Effective access control systems enforce the principle of accountability. Each action taken on a system can be clearly traced back to an individual user without any ambiguity. Administrators can clearly tell who performed an action and the individual can't deny responsibility for that action. In this video, you learn how access control systems enforce accountability.
- [Instructor] Effective access control systems…enforce the principle of accountability.…Accountability means that every action…taken on a system can be clearly traced back…to an individual user without any ambiguity.…Administrators can clearly tell who…performed an action, and the individual…can't deny responsibility for that action.…There are two prerequisites for ensuring accountability,…and they are two of the fundamental requirements…for any access control system.…The first is identification.…
Each user of the system must be…identified by a unique identifier, such as a username.…The system and organizational policies…must not allow the use of any shared,…departmental, or generic accounts.…If two individuals do share an account,…the system cannot distinguish between them,…and either of the two users can simply…blame the other for any action taken…under the shared account.…Without identification, there is no accountability.…The second important principle is authentication.…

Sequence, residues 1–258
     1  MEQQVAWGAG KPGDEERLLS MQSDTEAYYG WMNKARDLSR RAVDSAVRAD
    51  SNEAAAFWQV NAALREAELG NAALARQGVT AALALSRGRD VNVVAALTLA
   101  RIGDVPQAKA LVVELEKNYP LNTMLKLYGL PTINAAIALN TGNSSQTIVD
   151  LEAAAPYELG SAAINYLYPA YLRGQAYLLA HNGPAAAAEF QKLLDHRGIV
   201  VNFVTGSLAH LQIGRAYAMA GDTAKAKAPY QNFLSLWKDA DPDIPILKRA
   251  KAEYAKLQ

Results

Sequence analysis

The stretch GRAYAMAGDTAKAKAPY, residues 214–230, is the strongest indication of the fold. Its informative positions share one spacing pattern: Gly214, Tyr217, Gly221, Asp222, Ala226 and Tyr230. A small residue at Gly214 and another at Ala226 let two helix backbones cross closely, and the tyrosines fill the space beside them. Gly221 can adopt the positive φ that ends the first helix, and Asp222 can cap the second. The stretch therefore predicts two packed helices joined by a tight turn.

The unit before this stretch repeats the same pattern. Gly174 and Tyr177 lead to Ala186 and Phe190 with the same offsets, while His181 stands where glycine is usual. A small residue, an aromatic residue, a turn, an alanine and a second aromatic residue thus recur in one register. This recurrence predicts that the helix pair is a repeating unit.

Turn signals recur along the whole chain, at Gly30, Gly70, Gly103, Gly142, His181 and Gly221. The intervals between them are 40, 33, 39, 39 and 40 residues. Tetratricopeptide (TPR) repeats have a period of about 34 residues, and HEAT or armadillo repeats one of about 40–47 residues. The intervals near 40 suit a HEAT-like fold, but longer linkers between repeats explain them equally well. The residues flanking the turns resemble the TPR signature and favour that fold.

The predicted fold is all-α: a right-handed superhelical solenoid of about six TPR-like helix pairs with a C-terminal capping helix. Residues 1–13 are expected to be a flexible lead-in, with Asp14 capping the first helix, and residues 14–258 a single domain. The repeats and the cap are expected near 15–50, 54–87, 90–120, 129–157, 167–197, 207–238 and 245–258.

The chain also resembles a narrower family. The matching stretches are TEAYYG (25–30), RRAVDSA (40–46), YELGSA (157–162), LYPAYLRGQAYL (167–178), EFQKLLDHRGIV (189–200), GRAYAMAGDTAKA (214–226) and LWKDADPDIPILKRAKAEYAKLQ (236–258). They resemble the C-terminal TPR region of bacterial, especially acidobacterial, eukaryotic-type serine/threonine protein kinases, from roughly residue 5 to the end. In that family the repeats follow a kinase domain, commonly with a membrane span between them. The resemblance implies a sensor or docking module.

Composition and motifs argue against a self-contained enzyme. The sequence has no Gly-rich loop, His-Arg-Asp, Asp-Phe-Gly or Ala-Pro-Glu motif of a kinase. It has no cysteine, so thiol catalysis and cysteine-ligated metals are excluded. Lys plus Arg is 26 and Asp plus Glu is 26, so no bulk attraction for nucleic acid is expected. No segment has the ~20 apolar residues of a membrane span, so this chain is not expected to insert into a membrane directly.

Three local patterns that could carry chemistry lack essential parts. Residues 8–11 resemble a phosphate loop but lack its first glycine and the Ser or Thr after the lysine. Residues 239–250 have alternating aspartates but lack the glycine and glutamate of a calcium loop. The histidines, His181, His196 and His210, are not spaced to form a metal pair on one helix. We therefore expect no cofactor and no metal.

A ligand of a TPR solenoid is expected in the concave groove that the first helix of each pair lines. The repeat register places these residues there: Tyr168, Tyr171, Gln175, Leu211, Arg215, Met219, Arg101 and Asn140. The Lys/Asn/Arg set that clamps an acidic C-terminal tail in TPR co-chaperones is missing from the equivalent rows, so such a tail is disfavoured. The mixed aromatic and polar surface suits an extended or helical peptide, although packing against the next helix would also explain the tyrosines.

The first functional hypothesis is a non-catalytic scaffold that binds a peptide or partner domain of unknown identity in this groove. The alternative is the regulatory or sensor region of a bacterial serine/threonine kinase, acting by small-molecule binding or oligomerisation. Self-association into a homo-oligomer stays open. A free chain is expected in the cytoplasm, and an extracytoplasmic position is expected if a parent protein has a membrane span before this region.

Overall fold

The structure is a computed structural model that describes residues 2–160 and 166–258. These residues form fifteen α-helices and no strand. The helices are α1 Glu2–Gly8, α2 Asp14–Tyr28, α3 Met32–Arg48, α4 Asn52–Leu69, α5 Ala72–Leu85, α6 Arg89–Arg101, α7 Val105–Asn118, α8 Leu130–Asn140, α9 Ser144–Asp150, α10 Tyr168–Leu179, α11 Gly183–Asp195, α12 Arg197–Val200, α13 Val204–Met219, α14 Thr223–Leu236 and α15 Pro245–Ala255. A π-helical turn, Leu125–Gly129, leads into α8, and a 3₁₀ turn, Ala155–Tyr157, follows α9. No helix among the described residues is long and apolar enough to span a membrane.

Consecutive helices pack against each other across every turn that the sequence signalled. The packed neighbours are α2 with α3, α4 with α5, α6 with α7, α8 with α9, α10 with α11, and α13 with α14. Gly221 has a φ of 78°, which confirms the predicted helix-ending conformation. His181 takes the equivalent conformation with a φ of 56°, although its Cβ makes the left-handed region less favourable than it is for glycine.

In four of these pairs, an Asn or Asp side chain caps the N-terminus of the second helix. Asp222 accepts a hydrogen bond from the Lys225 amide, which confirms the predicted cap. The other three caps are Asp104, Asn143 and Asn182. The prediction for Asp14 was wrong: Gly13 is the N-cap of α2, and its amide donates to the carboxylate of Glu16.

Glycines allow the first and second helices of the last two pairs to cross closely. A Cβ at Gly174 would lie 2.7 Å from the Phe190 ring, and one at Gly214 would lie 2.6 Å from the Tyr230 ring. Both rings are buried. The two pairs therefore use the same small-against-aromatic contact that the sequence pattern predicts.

Every account on the system must be…
- Identity and access management overview
- Identification mechanisms: user names, access cards, biometrics, and registration
- Authentication factors
- Password authentication protocols
- Identity as a service (IDaaS)
- Enforcing accountability
- Managing credentials with policies
- Using access control lists
- Defending against access control attacks
Skill Level Advanced
1. Identity and Access Management
5. Credential Management
7. Access Control Attacks
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